My parents coined this term.
At least, as far as I know. My mother died of ovarian cancer in 2000, my father of severe emphysema and COPD in 2013, 14 months after grundoon.
My parents both quit college at age 21, married and went to the University of Tennessee. My father quit Princeton and my mother quit Cornell. My mother inherited a chunk of money when my maternal grandfather's uncle died. He was an attorney but had mostly made his money on real estate in the Washington, DC area. I don't know what year my mother inherited: ah, here: Edward Burling. In 1966 I was five and after all, it may have taken a while to sort the estate.
My impression is that my parents left the principal alone. I do not know what the original amount was. I was born in March after a June wedding, when my parents were 23. My father started graduate school when I started fourth grade, at SUNY Binghampton. My mother was NOT a housewife NOR a stay at home mother. She was an artist, a fine artist. She was prolific but not very interested in selling her work, though she had tons of shows.
She didn't need to sell her art, right? The principal kicked out enough money that my parents owned a ratty house and old cars when I was in fourth grade, my mother was doing art, and my father was in graduate school. My parents said that they were beatniks and admired Jack Kerouac. I read Kerouac in high school and thought he was a selfish self-absorbed asshole, but whatever. And my maternal grandparents were the safety net: when that great uncle died, my grandmother was one of the people in a trust that lasted until I was around 30.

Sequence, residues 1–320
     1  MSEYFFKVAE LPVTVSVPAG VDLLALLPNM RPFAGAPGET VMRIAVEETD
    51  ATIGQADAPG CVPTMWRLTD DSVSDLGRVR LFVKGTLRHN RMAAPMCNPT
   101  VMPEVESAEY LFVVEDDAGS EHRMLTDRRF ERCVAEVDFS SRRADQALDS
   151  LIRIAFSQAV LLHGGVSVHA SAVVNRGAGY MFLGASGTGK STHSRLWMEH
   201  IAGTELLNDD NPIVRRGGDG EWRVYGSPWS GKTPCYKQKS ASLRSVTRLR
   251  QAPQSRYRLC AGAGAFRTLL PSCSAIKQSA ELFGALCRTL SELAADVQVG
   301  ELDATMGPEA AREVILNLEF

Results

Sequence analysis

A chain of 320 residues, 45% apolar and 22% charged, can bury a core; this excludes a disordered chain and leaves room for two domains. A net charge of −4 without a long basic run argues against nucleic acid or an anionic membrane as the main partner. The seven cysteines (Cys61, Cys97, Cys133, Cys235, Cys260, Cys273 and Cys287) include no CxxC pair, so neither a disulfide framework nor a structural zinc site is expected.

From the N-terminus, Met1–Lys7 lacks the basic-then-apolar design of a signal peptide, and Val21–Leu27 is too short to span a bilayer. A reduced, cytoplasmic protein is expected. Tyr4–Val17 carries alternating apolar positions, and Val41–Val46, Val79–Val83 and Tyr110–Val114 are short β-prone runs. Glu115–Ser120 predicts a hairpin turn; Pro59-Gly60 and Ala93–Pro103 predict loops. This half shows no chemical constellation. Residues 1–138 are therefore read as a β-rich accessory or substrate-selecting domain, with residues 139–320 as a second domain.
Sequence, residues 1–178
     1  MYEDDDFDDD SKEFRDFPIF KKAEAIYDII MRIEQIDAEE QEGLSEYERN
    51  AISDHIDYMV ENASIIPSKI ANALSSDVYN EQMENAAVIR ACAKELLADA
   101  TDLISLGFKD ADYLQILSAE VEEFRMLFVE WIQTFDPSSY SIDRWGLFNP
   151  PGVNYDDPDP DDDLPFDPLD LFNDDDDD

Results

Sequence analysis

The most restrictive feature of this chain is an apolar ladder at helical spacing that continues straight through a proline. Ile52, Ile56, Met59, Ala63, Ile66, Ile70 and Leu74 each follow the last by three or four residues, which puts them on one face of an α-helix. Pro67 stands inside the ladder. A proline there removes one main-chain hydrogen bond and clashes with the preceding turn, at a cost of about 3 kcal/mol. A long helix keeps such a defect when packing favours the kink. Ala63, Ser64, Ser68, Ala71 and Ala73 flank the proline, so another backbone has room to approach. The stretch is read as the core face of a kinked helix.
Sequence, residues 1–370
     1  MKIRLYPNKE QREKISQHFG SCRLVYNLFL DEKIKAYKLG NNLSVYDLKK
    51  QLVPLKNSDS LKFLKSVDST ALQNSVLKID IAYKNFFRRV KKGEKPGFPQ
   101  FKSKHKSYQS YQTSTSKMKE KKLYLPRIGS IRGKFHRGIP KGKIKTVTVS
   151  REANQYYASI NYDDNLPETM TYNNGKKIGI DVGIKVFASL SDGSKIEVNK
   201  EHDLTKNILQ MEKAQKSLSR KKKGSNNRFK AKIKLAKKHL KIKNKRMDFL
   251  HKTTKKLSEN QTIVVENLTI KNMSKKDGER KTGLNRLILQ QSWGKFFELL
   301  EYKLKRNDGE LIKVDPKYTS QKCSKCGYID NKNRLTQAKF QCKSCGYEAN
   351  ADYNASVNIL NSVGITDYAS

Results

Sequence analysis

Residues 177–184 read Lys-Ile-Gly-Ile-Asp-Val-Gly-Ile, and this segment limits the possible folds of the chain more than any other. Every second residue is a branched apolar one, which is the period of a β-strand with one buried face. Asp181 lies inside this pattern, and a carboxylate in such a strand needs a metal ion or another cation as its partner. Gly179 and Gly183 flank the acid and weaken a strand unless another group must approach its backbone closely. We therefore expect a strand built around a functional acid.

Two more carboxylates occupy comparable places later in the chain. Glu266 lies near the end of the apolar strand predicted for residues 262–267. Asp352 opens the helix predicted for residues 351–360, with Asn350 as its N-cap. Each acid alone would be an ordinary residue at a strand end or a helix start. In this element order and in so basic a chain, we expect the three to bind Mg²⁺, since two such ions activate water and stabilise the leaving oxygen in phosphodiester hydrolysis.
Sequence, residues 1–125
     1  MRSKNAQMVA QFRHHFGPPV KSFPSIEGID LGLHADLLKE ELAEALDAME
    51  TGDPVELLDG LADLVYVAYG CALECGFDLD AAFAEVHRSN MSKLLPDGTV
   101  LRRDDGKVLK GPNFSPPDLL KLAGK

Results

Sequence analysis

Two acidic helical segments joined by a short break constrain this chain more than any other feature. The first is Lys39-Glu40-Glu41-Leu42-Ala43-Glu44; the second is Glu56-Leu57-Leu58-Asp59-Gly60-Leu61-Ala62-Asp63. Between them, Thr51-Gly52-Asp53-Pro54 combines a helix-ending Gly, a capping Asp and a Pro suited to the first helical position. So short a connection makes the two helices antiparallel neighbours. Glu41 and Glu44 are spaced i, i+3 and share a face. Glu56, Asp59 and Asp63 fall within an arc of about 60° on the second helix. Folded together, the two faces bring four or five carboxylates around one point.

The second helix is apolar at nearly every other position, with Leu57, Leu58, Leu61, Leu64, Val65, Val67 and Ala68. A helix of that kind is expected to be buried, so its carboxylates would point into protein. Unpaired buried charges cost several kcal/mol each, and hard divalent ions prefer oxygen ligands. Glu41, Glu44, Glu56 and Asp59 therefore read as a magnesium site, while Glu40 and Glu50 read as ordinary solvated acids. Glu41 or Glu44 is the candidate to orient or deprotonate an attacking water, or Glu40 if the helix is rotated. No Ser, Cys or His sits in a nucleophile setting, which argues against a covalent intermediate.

Currently, the US Federal Poverty Level is at $20,292 for a household of two. My daughter is 20 and in college. In 1970 for a family of four, it was $24,000; for a family of four it is now $30,750. I don't know if they really got $2000.00 per month in 1970.
I have a friend in London who is working on Universal Basic Income. There is also Global Basic Income. When my father died, I realized that I am the safety net for my children and not nearly as safe. My ex's mother and stepfather are both in their 90s. She has lost her memory and he worries about running out of money. How long will I live? Like my grandmother, mid-90s? Or more like my parents and sister?
I have wondered if my father would not have been an alcoholic if my parents had not had that money. On the other hand, perhaps he would have been as bad or worse.
This article http://www.globalincome.org/English/Global-Basic-Income.html talks about basic income being "free money". I think that is misleading. Think of the bones of our ancestors that this world was built on. The people killed in the name of profit and greed. I see so much fear in clinic, fear and suspicion and "Why should I be honest when the banks are not, when the President is not?" People say the world is about love, but often they say "only if you follow MY fundamentalist religion and behave a certain way". That is all about fear too and containment and control.
My parents worked all the time, but often not for money. My mother was a prolific artist, watercolors, etching, silk screens, oils, drawings, whole sketchbooks, pastels. My father quit working on his PhD and took a Masters in mathematics because he was bored. He worked for GE in the experimental computer section back in the late 1970s and later taught math at community college. I admire my parents for living the way they wanted. Meanwhile I am do NOT have that basic income coming in. Where is my great aunt or great uncle who leaves me in a trust?
What would you do if you were independently wealthy at a poverty level or had a basic income? What would it change?
For reQuest 2018: 2.